The National Association of Health Underwriters has tried to show Affordable Care Act program managers that it can take a practical, apolitical approach to thinking about ACA issues.

Some of the Washington-based agent group’s members strongly supported passage of the Patient Protection and Affordable Care Act of 2010 and its sister, the Health Care and Education Reconciliation Act of 2010. Many loathe the ACA package.

But NAHU itself has tried to focus mainly on efforts to improve how the ACA, ACA regulations and ACA programs work for consumers, employer plan sponsors and agents. In Washington, for example, NAHU has helped the District of Columbia reach out to local agents. NAHU also offers an exchange agent certification course for HealthCare.gov agents.

Now NAHU is investing some of the credit it has earned for ACA fairness in an effort to shape draft eligibility screening regulations proposed this summer by the Internal Revenue Service, an arm of the U.S. Treasury Department.

Janet Stokes Trautwein, NAHU’s executive vice president and chief executive officer, says she and colleagues at NAHU talked to many agents and brokers about the draft regulations.

For a look at just a little of what she wrote in her comment letter, read on:

 

1. Exchanges have to communicate better

The IRS included many ideas in the draft regulations about ways to keep consumers honest when they apply for Affordable Care Act exchange premium tax credit subsidies.

ACA drafters wanted people to be able to use the subsidies to reduce out-of-pocket coverage costs as the year went on, to reduce those costs to about what the employee’s share of the payments for solid group health coverage might be.

To do that, the drafters and implementers at the U.S. Department of Health and Human Services and the IRS came up with a system that requires consumers to predict in advance what their incoming will be in the coming year.

Consumers who predict their income will be too low and get too much tax credit money are supposed to true up with the IRS when the file their taxes the following spring. The IRS has an easy time getting the money when consumers are supposed to get refunds. It can then deduct the payments from the refunds. When consumers are not getting refunds, or simply fail to file tax returns, the IRS has no easy way to get the cash back.

The exchanges and the IRS also face the problem that some people earn too little to qualify for tax credits but too much to qualify for Medicaid. Those people have an incentive to lie and say their income will be higher than it is likely to be.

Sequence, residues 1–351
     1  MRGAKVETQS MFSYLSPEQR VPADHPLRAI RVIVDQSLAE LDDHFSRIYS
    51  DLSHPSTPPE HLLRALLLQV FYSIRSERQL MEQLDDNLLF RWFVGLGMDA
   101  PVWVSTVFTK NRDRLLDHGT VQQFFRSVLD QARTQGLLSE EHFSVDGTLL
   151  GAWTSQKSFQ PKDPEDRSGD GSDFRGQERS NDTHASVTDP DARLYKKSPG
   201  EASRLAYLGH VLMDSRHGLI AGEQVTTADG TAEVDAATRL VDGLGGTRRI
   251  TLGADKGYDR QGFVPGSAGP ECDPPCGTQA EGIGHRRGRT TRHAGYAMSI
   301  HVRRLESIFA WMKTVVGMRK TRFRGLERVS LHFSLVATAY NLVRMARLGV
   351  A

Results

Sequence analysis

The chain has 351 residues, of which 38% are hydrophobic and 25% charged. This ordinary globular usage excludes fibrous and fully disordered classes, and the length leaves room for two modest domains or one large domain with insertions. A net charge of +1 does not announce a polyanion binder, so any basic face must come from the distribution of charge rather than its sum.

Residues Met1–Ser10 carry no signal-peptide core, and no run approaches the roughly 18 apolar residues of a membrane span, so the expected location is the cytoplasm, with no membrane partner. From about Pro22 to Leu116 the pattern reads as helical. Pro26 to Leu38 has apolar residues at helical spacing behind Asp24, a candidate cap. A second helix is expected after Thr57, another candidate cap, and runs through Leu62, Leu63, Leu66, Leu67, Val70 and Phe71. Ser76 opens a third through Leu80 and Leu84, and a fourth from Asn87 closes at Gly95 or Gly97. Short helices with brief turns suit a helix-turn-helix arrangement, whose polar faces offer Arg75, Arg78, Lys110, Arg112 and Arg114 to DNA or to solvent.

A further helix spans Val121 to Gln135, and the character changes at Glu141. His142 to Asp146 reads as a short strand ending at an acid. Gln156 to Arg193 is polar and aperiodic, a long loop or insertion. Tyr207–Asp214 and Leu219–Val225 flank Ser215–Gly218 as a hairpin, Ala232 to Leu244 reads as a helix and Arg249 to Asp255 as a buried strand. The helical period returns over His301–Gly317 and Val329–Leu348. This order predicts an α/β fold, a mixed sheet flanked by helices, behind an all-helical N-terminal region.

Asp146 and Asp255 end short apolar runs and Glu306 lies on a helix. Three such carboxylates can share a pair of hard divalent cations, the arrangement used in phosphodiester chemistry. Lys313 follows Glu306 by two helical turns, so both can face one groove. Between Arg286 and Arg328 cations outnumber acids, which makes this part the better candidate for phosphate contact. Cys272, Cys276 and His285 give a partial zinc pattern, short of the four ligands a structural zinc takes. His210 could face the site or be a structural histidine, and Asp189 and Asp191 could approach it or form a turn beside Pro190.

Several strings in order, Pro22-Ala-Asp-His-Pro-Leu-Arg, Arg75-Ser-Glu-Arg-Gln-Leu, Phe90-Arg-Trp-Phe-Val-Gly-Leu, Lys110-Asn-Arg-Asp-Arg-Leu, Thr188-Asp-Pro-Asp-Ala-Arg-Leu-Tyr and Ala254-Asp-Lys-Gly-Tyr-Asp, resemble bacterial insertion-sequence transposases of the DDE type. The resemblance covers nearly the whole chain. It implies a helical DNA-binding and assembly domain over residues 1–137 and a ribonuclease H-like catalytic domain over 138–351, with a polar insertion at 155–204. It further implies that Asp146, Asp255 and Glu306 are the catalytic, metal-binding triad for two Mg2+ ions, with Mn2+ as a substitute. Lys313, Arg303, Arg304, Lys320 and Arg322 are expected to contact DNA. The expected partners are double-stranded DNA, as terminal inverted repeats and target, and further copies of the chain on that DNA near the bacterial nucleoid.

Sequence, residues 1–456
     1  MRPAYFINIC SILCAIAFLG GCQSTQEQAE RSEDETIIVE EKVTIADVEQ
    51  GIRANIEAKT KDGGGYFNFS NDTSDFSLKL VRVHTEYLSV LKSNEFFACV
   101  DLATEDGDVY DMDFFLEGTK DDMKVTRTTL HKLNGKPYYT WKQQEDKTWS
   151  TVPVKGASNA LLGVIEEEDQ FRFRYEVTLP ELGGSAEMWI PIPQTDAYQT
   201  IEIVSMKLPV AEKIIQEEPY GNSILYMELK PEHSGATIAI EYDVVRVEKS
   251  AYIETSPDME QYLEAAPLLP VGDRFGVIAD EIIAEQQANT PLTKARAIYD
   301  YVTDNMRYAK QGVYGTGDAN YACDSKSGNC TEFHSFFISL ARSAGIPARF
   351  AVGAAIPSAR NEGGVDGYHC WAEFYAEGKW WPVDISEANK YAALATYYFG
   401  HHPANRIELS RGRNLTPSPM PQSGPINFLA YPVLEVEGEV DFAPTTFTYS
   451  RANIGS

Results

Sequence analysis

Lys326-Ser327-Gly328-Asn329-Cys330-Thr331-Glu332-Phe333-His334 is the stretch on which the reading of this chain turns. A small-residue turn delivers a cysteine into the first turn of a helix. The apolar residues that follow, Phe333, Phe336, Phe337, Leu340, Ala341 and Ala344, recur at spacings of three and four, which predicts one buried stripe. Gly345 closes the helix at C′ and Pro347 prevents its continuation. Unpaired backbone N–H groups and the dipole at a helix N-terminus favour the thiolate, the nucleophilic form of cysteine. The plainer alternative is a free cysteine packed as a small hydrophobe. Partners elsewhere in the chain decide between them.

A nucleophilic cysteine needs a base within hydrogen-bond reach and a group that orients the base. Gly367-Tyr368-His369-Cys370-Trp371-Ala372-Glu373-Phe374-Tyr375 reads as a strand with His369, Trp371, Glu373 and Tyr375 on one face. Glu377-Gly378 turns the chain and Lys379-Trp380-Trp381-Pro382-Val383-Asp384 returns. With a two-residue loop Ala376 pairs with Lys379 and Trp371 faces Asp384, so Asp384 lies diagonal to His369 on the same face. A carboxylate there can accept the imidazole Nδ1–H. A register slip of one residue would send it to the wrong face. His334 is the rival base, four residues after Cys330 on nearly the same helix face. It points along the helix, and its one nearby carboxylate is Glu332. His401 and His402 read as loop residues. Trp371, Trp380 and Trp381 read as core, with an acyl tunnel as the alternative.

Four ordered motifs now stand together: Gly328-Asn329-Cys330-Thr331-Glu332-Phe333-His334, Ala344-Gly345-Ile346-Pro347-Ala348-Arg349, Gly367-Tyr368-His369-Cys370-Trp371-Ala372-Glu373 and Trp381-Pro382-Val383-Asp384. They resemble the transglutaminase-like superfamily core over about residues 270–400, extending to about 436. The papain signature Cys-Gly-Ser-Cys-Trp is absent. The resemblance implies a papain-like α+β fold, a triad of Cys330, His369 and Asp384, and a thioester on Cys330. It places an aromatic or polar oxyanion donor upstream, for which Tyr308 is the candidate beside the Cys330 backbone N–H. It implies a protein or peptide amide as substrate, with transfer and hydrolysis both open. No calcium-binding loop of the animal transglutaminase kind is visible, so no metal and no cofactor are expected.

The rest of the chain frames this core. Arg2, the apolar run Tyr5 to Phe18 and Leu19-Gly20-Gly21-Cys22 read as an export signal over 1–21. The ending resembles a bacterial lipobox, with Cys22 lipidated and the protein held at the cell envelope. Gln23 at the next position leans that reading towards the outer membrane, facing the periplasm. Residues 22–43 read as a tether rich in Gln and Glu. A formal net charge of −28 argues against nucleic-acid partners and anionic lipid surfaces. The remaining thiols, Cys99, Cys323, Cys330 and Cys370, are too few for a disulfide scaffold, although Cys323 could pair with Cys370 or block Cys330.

Trautwein writes in her letter that the ACA exchange system could help by doing more to educate consumers when the consumers are applying for exchange coverage.

“The health insurance exchange marketplaces [should] be required to clearly notify consumers of the consequences of potential income-based eligibility fraud at the time of application, in order to help discourage it from ever happening,” Trautwein writes.

 

2. Federal health and tax systems have to work smoothly together

Trautwein notes in her letter that the ACA exchange system has an exchange eligibility determination process, and that the IRS has another set of standards for determining, based on a consumer’s access, or lack of access, to employer-sponsored health coverage, who is eligible for premium tax credit subsidies.

NAHU is worried about the possibility that a lack of coordination between the IRS and the HHS could lead to incorrect decisions about whether exchange applicants have access to the kind of affordable employer-sponsored coverage with a minimum value required by the ACA laws and regulations, Trautwein writes.

“We believe that it is fairly easy for consumers to mistakenly apply for and then receive advanced payments of a premium tax credit for which they are not eligible” based on wrong ideas about affordability, she says.

Consumers could easily end up owing thousands of dollars in credit repayments because of those kinds of errors, she says.

In the long run, employers should be reporting on the coverage they expect to offer in the coming year, rather than trying to figure out what kind of coverage they offered in the past year, Trautwein says.

In the meantime, the IRS and HHS have to work together to improve the employer verification process, she says.

 

3. Employees do not and cannot speak ACA

Trautwein says NAHU members also worry about exchange efforts to depend on information from workers to verify what kind of coverage the workers had.

“Based on our membership’s extensive work with employee participants in employer-sponsored group benefit plans, we can say with confidence that the vast majority of employees do not readily understand the various ACA-related labeling nuances of their employer-sponsored health insurance coverage offerings,” she says.

“Terms that are now commonplace to health policy professionals, like minimum essential coverage and excepted benefits, are meaningless to mainstream consumers,” she says.

NAHU does not see how an exchange will know what kind of coverage a worker really had access to until after employer reporting is reconciled with information from the exchanges and from individual tax returns, which might not happen until more than a year after the consumer received the tax credit subsidies, Trautwein says.

“This weakness on the part of the exchanges could leave consumers potentially liable for thousands of dollars of tax credit repayments, all because of confusing terms and requirements and inadequate eligibility verification mechanisms,” she says.

See the Original Article Here.

Source:

Bell, A. (2016, September 30). 3 things NAHA told the IRS about ACA premium tax credits [Web log post]. Retreived from http://www.lifehealthpro.com/2016/09/30/3-things-nahu-told-the-irs-about-aca-premium-tax-c?page_all=1